What Is Your Dog Trying to Say When They Bark?

An animal expert decodes four commonly heard sounds.

In our day-to-day conversations, we can pick up on the other person's mood based on their tone and the volume of their voice. When it comes to our dogs, we are accustomed to hearing them bark for any number of reasons. According to animal expert Jane MacMurchy, coordinator of Animal Charity of Ohio, the motivation for a dog to bark (excessively or otherwise) can be due to excitement, hunger, boredom, pain, aggression, joy, or fear. Barking is the primary means of expressing themselves. As owners, it's up to us to decipherer what they're trying to vocalize. Depending on the situation, here's what they may be trying to say.

dog howling sitting next to interior window
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Happy and Excited Bark

When we're happy, we typically smile, giggle, or get a little jittery. Our dogs bark to express this feeling, too. When a happy or excited dog barks, their ears are relaxed, the bark is often a higher, yapper pitch, and it's repetitive. Owners will also notice their pet's tail wagging when they're happy.

Scared Bark

When we're scared as humans, we sometimes cry, shake, or even scream. Similarly, a dog that is scared will have their legs bent while (in most cases) backing up. Their eyes will have a sideways appearance with a tucked tail. A scared dog's bark will be preceded by yawning as well as lip-licking.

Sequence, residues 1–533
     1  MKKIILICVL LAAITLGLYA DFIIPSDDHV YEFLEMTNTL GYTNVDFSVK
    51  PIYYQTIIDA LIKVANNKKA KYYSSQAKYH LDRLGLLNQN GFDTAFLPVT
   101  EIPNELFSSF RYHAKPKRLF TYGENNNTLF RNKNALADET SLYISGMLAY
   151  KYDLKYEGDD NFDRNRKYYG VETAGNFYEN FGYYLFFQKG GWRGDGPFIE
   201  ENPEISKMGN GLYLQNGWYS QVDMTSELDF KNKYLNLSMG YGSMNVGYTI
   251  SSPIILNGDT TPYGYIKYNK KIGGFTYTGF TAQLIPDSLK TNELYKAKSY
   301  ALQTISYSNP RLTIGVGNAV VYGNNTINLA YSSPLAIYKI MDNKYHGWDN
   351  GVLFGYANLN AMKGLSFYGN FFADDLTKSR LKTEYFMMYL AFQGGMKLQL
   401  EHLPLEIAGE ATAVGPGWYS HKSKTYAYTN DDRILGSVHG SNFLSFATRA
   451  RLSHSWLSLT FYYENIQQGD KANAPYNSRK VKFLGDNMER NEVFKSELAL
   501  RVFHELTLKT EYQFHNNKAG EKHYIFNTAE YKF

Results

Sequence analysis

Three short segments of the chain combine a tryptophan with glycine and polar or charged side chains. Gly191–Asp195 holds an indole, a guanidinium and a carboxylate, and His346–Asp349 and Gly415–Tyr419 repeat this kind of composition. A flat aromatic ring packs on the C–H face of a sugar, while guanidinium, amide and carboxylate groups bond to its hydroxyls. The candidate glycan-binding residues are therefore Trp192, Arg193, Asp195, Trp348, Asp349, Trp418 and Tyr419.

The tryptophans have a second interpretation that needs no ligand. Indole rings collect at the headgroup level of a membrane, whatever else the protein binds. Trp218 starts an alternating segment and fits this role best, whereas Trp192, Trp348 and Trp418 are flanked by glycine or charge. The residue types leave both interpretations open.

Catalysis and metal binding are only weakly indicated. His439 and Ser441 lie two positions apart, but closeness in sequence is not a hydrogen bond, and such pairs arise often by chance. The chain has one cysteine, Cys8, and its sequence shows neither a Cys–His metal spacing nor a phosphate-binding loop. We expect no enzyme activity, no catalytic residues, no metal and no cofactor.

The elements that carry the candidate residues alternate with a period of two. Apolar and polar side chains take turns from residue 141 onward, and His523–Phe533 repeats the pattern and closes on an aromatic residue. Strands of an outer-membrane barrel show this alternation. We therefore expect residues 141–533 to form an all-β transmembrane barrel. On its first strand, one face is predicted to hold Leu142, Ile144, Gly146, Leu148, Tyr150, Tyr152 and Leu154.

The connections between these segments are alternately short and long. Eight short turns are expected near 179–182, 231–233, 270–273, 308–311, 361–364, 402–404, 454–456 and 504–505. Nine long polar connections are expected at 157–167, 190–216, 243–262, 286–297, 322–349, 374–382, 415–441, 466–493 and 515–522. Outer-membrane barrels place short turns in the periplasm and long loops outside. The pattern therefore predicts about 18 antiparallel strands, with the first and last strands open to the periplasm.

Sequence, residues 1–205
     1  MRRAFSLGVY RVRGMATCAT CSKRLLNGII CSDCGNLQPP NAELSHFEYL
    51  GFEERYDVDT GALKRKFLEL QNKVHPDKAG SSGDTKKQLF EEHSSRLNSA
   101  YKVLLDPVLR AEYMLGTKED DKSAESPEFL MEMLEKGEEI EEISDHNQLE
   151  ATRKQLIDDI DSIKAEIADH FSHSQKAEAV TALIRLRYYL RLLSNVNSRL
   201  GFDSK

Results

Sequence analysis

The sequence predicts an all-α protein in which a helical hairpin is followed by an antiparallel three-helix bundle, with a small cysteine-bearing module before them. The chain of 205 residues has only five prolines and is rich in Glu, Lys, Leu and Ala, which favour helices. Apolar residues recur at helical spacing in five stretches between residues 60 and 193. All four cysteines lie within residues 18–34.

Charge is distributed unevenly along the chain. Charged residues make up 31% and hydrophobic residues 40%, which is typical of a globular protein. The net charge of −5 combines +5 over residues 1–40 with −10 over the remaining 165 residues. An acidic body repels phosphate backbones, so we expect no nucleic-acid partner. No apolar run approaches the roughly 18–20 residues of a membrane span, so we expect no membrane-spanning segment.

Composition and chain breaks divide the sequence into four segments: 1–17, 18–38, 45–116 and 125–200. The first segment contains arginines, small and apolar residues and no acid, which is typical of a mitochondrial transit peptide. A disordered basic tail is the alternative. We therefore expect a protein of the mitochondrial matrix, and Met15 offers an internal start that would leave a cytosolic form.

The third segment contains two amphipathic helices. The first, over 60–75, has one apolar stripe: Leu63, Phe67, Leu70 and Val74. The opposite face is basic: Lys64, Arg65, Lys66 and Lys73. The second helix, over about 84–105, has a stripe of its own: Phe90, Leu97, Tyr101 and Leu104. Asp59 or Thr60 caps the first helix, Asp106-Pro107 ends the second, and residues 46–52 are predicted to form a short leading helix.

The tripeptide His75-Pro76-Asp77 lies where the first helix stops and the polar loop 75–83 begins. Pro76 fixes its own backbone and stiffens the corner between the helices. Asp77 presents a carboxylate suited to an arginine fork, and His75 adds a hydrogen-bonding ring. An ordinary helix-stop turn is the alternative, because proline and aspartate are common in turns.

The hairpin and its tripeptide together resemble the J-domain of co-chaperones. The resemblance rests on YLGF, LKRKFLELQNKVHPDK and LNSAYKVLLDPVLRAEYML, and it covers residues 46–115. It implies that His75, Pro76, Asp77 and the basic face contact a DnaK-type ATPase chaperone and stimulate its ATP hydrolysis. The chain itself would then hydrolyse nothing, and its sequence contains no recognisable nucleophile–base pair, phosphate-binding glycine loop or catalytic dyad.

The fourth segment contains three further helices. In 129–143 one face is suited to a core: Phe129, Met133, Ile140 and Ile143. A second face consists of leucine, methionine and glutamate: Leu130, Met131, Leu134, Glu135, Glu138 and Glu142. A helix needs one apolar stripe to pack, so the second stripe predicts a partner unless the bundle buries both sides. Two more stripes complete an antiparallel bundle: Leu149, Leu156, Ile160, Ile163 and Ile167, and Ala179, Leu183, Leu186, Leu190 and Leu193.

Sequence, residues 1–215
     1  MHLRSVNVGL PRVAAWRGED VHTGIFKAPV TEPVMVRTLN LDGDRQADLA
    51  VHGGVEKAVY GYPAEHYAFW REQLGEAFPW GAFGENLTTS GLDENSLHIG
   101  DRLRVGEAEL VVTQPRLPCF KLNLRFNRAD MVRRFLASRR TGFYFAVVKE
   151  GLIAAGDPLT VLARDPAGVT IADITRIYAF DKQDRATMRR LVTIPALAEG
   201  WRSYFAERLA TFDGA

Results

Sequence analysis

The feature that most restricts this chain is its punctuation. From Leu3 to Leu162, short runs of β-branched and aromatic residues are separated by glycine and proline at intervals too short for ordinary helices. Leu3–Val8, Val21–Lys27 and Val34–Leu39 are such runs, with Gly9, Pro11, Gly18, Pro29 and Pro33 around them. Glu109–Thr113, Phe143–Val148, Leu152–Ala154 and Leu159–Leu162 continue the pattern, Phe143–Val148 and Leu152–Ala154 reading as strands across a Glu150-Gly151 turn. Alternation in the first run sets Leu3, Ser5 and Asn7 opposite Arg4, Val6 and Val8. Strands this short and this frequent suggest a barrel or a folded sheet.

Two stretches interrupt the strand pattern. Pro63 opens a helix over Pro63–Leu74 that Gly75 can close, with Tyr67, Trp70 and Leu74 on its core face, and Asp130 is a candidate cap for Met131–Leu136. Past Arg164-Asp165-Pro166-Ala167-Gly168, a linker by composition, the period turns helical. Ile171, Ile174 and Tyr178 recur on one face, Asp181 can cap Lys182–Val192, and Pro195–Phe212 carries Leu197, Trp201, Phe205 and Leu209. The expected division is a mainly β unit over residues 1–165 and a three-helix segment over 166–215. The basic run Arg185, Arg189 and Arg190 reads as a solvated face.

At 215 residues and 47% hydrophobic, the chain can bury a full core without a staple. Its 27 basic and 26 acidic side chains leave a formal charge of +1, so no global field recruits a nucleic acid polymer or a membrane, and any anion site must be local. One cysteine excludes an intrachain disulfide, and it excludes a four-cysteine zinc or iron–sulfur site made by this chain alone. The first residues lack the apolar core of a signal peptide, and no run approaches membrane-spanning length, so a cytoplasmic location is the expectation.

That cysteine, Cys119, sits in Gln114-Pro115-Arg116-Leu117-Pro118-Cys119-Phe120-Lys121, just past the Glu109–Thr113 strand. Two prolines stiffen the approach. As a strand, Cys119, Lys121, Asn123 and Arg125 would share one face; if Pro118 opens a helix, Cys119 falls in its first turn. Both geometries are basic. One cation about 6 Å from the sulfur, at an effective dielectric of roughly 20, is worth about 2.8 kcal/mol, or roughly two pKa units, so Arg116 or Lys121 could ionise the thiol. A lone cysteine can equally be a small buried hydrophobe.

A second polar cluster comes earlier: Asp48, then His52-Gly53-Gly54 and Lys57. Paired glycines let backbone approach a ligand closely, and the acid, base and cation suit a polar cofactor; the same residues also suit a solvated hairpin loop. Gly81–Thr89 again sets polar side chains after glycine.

Injured Bark

Crying or moaning is a common verbal sign of pain in humans. The same type of pain vocalization can be expressed by dogs. If a dog is in pain, its bark will sound like a high-pitched cry. Typically, the high-pitched woof is followed by whining or screaming.

Hungry Bark

Who doesn't get a little cranky when we skip a meal? Dogs yap when they're hungry, too. You'll know your dog is hungry when the barking is continuous and maintains a steady pitch. According to our expert, this is the dog expressing to you to intercept their woofs with positive attention with food or treats.

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